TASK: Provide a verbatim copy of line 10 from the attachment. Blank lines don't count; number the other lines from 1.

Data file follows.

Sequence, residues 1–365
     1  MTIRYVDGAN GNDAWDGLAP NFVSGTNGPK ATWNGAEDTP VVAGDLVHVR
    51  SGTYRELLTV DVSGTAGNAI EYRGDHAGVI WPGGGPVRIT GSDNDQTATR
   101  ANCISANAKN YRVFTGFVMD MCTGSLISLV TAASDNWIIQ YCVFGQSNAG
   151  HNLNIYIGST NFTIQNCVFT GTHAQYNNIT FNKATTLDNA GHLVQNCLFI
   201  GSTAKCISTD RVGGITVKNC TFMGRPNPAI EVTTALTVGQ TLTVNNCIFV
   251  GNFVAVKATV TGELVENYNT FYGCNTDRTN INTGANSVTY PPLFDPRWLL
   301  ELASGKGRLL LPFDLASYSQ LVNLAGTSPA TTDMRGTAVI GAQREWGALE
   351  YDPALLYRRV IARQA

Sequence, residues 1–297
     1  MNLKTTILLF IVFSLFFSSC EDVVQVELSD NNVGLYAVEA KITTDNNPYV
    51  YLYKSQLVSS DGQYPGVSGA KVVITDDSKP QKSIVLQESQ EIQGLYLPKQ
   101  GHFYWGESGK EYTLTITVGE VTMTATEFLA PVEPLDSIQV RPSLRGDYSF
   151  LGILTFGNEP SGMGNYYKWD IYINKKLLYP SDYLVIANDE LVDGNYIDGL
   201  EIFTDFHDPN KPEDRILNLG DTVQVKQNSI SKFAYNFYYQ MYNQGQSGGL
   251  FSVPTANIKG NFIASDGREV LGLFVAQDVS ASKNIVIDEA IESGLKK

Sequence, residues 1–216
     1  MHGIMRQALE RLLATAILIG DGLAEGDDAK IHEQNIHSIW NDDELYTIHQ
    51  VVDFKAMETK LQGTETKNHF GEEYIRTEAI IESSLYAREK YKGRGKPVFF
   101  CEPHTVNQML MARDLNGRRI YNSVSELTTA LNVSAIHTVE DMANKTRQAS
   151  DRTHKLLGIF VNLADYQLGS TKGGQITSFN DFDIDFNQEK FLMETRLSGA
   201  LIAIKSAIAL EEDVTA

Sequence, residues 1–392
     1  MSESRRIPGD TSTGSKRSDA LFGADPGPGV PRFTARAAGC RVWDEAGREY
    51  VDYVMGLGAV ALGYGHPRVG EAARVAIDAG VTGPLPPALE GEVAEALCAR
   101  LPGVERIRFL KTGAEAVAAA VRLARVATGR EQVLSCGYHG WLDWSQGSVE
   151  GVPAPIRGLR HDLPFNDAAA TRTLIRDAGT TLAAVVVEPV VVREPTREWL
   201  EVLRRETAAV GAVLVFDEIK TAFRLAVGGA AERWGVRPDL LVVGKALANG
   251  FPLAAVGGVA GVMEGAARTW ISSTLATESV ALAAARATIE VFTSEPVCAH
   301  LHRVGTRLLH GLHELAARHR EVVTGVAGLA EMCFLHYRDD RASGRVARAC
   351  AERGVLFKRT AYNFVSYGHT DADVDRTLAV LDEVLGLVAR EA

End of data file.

Sequence, residues 1–297